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Raising Funds in a Low-Growth World


Canada’s economy may still be struggling to find a higher gear amid slumping commodity prices and the downturn in the oil sector — yet enterprising private companies can still find ways to grow their business and strengthen their competitive position. There are opportunities to be seized by companies with realistic expectations, a well-crafted business plan, solid financial management and a willingness to invest and take smart risks.

However, raising the funds needed to drive that growth can be a challenge in the current environment. The financing landscape has changed, and it can have surprising implications for companies that aren’t prepared.

The funding taps have tightened

Conventional wisdom holds that there’s an abundance of funding available, with investors and lenders eager to put their capital to work and searching for superior returns in a world of rock-bottom interest rates. The reality is rather different. As many companies are discovering, getting growth financing can be difficult and costly.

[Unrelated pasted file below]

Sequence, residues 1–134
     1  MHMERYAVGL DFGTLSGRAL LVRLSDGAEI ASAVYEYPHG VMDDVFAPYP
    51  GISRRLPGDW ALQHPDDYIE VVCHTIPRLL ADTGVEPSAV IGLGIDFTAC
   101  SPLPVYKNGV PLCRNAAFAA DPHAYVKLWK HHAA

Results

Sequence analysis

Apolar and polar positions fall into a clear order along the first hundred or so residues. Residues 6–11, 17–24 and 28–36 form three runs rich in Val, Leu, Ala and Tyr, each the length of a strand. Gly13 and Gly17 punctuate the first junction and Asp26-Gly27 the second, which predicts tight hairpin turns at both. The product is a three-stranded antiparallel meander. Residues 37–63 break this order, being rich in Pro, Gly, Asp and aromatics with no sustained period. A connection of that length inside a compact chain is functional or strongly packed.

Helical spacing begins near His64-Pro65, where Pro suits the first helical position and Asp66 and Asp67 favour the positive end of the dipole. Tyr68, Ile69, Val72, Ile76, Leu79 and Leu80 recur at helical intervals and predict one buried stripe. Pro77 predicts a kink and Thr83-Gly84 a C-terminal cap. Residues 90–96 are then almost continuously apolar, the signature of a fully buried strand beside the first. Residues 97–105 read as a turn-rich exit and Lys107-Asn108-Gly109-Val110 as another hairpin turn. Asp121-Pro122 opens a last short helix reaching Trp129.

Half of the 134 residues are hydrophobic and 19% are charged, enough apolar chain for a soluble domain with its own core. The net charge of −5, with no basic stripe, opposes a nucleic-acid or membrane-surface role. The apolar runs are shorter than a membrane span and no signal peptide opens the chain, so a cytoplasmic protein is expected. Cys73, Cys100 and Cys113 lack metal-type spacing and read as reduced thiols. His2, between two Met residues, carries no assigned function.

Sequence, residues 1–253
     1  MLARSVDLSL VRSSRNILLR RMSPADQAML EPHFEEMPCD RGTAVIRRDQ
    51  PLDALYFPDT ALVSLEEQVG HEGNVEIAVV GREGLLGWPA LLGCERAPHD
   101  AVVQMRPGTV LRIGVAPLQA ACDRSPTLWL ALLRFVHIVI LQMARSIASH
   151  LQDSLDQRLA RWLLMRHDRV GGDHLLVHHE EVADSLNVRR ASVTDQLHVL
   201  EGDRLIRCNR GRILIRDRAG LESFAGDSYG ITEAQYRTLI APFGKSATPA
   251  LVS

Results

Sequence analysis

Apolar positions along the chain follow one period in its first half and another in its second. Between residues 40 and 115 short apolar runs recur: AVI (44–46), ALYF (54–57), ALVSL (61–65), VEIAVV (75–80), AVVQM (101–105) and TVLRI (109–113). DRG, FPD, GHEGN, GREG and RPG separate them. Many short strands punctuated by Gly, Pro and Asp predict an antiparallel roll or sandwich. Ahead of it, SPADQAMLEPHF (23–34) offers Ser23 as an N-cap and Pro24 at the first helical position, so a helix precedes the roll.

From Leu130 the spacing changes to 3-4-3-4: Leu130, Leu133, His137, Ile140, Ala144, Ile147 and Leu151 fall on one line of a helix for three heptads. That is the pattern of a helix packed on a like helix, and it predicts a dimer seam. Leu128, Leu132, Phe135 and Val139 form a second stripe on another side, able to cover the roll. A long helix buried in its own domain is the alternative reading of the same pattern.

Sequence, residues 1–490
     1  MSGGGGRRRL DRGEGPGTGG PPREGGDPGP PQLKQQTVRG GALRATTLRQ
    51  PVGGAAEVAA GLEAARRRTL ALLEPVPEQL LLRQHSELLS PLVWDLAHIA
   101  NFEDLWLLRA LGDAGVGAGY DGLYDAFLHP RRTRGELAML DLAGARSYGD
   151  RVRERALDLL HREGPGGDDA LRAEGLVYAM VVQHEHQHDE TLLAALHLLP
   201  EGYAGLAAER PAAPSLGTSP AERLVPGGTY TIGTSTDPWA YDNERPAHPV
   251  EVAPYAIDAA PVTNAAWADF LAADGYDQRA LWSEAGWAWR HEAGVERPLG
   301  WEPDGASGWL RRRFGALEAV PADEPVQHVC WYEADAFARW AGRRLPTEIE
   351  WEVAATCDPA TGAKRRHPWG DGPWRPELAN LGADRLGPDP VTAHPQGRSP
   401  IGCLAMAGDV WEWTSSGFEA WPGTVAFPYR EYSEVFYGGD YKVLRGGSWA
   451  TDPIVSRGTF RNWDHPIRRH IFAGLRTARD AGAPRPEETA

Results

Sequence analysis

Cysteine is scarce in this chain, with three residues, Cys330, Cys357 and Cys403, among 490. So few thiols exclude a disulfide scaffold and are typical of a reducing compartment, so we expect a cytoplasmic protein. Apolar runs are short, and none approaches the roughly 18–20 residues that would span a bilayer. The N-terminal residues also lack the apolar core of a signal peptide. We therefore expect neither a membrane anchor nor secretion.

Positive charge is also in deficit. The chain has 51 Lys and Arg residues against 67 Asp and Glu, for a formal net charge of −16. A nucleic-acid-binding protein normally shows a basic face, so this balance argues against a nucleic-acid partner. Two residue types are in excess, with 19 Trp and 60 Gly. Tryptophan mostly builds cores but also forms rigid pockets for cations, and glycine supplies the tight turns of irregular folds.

Canada’s banks continue to provide a significant proportion of lending and other financial services to the country’s private businesses, such as operating lines of credit. However, the banks are conservative and highly risk-averse, which inevitably colours how they determine and hedge risk and make lending decisions. With oil and other commodity prices dragging on much of the country’s economy, banks’ risk aversion will likely grow as their business lending activity may fall.

Indeed, access to capital, whatever its form — senior bank debt, junior capital, equity or equity-like capital — has become much more restricted, especially for companies involved in the natural resources sectors. Even companies in other sectors, such as manufacturing and transportation, may also find financing harder to obtain simply because of their exposure to the natural resources downturn. These issues and concerns are weighing on the minds of lenders and equity investors alike and some are responding by not funding anyone. Those that are providing funds are doing so on stricter terms — terms which could actually be detrimental to some businesses.